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Samsung’s 50-megapixel ISOCELL GN2 sensor with better autofocus introduced

Samsung's 50-megapixel ISOCELL GN2 sensor with better autofocus introduced

Samsung named its new 50-megapixel sensor ISOCELL GN2 Unveiled with better performance in autofocus and HDR than the previous generation.

With the introduction of the ISOCELL GN1 50-megapixel sensor in early 2020, Samsung struck the perfect balance between high megapixels, large pixel size and fast autofocus. The Korean manufacturer now replaces this sensor with the name ISOCELL GN2 Unveiled Like the previous generation, it has 50 megapixels, but has improved the autofocus and HDR performance even more.

ISOCELL GN2 is a 1.12-inch camera sensor with a resolution of 50 megapixels and a pixel size of 1.4 microns. The sensor uses 4-in-1 pixel combination technology (creating 12.5-megapixel images with a pixel size of 2.8 microns) to improve camera performance in low-light environments. It also uses the intelligent mosaic algorithm to capture three 50-megapixel frames (red, green, and blue), creating a 100-megapixel image with more detail.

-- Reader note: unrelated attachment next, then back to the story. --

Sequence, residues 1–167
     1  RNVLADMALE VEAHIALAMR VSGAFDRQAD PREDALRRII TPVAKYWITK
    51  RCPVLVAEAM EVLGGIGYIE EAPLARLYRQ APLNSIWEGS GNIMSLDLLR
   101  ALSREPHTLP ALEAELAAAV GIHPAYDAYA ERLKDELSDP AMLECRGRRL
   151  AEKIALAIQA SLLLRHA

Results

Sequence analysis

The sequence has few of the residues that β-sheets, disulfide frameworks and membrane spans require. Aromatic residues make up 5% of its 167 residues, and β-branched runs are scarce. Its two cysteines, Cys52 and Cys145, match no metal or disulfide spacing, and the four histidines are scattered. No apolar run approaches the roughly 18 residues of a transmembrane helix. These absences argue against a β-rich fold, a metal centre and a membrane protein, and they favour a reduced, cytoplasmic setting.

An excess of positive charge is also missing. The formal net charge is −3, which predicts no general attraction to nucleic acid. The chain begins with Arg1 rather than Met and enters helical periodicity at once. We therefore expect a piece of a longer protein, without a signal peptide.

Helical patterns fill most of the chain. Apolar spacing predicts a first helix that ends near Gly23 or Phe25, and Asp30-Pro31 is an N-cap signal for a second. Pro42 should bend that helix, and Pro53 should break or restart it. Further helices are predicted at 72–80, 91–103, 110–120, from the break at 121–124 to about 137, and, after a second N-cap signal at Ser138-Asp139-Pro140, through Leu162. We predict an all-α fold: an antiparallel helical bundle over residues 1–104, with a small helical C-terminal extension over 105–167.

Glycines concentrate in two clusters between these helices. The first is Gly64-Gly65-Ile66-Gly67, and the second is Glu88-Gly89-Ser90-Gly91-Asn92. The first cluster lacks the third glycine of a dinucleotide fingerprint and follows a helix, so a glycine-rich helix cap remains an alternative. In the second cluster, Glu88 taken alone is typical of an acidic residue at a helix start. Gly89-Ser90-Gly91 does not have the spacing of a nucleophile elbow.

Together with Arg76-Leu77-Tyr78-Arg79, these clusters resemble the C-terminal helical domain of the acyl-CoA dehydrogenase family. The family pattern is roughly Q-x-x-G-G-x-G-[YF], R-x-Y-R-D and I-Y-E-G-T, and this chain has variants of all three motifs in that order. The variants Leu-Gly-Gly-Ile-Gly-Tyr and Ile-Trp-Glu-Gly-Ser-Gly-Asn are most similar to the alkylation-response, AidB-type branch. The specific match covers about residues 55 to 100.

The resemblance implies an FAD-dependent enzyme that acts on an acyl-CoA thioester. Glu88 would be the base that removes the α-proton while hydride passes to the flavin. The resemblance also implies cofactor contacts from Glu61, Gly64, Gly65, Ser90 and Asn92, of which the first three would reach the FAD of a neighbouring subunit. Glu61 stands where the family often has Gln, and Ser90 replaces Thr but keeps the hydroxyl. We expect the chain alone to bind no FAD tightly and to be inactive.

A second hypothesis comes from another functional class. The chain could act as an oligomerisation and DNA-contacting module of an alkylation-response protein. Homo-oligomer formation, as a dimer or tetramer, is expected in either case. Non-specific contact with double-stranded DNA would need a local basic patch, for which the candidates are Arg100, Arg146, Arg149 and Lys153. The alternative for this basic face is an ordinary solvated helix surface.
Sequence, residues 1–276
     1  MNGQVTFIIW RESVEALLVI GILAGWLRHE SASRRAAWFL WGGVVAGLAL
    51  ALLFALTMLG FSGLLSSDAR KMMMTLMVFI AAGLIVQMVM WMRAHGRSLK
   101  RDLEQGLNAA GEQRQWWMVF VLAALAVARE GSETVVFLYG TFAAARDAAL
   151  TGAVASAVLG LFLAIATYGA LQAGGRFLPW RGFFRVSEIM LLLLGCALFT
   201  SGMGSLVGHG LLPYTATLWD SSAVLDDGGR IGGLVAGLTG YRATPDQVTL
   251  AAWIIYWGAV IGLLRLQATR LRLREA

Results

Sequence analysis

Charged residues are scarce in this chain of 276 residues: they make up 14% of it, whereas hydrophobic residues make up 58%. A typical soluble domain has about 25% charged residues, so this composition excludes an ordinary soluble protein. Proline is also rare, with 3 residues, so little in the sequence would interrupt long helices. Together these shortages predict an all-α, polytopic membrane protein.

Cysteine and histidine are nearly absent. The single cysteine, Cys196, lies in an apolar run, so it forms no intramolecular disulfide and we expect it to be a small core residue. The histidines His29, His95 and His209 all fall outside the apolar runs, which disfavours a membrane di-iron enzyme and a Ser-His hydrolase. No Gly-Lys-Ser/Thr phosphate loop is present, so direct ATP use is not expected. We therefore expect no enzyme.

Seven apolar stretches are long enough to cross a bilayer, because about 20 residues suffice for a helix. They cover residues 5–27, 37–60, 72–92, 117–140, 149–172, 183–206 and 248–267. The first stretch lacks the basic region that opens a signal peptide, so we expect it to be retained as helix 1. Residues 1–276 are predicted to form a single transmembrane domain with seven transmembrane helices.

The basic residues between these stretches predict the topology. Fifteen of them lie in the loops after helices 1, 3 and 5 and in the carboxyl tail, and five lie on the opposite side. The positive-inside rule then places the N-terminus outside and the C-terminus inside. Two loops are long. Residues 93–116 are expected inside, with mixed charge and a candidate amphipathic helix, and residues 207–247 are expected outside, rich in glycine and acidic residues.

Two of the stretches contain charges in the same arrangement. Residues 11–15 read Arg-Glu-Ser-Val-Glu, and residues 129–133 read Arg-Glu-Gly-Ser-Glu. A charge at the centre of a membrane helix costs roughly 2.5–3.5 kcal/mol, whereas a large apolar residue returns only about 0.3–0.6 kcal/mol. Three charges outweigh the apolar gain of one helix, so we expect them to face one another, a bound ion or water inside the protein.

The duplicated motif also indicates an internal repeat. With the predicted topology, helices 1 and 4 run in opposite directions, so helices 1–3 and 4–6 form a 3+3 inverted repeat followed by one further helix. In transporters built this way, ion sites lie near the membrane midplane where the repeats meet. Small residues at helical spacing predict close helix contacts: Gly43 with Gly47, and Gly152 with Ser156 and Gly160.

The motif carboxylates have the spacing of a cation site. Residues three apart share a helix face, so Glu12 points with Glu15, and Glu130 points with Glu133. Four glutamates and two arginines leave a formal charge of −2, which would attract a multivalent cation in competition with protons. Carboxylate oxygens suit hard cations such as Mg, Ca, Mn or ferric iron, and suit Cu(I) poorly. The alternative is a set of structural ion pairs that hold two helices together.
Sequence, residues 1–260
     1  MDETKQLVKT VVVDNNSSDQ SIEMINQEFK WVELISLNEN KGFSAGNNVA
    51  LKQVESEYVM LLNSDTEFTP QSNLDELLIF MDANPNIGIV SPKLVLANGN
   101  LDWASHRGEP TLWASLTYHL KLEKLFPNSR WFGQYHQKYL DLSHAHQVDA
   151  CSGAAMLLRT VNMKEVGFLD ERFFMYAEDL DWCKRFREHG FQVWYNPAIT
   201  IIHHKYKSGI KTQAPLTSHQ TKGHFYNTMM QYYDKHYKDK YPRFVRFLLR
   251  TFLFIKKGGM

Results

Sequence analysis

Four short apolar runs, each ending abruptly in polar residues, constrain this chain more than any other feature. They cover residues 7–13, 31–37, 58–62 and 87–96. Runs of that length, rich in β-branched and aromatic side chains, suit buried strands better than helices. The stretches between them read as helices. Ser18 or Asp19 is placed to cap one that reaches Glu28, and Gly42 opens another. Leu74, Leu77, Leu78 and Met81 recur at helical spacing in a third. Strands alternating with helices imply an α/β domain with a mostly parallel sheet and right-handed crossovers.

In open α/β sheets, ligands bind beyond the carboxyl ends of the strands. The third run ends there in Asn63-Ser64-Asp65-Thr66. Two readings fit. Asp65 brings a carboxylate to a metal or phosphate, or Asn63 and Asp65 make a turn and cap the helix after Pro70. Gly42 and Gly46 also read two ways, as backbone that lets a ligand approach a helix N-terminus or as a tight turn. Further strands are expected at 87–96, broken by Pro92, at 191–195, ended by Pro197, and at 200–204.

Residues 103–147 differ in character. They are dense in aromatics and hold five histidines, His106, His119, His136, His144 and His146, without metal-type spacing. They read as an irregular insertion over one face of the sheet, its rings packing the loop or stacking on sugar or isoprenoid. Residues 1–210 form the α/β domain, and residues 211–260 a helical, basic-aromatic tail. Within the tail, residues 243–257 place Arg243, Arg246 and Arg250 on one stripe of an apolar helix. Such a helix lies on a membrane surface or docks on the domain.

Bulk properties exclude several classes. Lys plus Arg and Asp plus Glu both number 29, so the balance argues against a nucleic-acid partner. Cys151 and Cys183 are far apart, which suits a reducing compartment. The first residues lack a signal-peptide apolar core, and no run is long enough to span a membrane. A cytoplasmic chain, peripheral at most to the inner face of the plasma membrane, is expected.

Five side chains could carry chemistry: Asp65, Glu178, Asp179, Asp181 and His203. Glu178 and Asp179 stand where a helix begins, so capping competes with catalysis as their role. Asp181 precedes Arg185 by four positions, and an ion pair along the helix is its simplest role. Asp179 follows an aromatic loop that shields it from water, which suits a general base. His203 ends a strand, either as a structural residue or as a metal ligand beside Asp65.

The new sensor is the first to benefit from Samsung’s new autofocus technology called Dual Pixel Pro, and its speed in autofocus has been significantly improved. For more stability, in addition to horizontal focus, it also uses oblique focus and improves sensor performance when a frame does not have a pattern of vertical changes. This feature provides better focus in low light environments and moving objects compared to the previous generation sensor.

The ISOCELL GN2 also features staggered-HDR, which uses a rolling shutter to capture images at different exposures. Samsung says it uses 24 percent less power than most real-time HDR sensors used in most sensors, but also improves sensor performance in capturing shadows and highlights. This product also has Smart ISO and Smart ISO Pro capabilities to improve light sensitivity and dynamic range.

Samsung’s new 50-megapixel sensor is capable of shooting Full HD video at up to 480 frames per second and 4K video recording at 120 frames per second. Samsung says it has begun mass production of the sensor, and the first handsets will be available this year.

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